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P185 Predictors of treatment outcome in patients with proliferative lupus nephritis: a 36-month retrospective cohort study
  1. Mariana Luís1,2,
  2. Rita Prata2,
  3. Helena Assunção2 and
  4. Luís Inês2,3
  1. 1Faculty of Medicine, University of Coimbra, Coimbra
  2. 2Rheumatology Dept., Centro Hospitalar e Universitário de Coimbra, Coimbra
  3. 3School of Health Sciences, University of Beira Interior, Covilhã, Portugal


Background The EULAR/ERA-EDTA recommendations for lupus nephritis state that renal response should be achieved in 12 months following induction therapy. However, early predictors of renal outcome are not well established. We aim to identify baseline predictors of complete renal response (CRR).

Methods Retrospective cohort study over 36 months including patients with SLE fulfilling the ACR’97 and/or the SLICC’12 classification criteria and with a biopsy-proven proliferative lupus nephritis (class III/IV), enrolled in the CHUC Lupus Cohort. CCR was defined according to EULAR/ERA-EDTA definitions as proteinuria <0.5 g/day and normal renal function. Clinical-demographic characteristics at baseline were compared using survival analysis for time-to-CCR. Variables with p<0.25 on univariate analysis with Log-Rank tests and lupus nephritis histological class (III/IV) were further evaluated as potential predictors with multivariate Cox proportional hazards regression models (Backward Stepwise method) adjusting for potential confounding.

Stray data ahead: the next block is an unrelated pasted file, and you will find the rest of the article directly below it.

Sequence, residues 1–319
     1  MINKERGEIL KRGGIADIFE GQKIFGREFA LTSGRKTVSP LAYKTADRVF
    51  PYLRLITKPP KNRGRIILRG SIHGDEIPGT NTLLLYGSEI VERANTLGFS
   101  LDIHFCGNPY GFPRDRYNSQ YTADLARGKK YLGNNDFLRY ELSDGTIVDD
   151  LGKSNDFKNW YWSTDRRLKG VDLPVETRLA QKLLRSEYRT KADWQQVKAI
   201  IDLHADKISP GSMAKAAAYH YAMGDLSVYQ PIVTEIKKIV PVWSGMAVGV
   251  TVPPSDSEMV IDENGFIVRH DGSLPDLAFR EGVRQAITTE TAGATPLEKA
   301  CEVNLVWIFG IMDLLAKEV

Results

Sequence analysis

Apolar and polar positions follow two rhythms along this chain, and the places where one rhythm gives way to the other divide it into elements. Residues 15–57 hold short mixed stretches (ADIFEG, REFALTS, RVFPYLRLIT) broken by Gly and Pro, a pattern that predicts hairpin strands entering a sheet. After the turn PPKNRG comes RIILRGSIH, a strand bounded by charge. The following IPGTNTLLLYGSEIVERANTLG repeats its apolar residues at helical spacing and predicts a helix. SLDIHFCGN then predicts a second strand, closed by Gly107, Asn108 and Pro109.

Results 56 patients were included in the analysis (76.8% female, age at baseline 30.0 ± 13.2 years-old). Over the follow-up period, 51 patients (91.1%) reached CCR, within a median time of 6.0 months. High blood pressure (p=0.047), no hydroxychloroquine therapy (p=0.012), induction treatment with cyclophosphamide (as compared to mycophenolate mofetil - MMF) (p=0.027) and proteinuria >2 g/day (p=0.008) were associated with longer time to CCR in univariate analysis. In multivariate analysis, proteinuria >2 g/day at baseline (HR 2.651; 95%CI 1.338–5.25; p=0.005) was a predictor of worse renal outcome, while induction therapy with MMF lead to shorter time to CCR as compared with cyclophosphamide (HR=0.525; 95%CI 0.277–0.998; p=0.049). Other variables lost significance and were not included in the final model. The addition of glucocorticoid pulses and/or antihypertensive drugs to induction therapy did not influence renal outcome.

Conclusions Most of the patients reached CCR during the follow-up period. Proteinuria above 2 g/day at baseline and use of cyclophosphamide as compared to MMF induction were associated with worse renal outcome.

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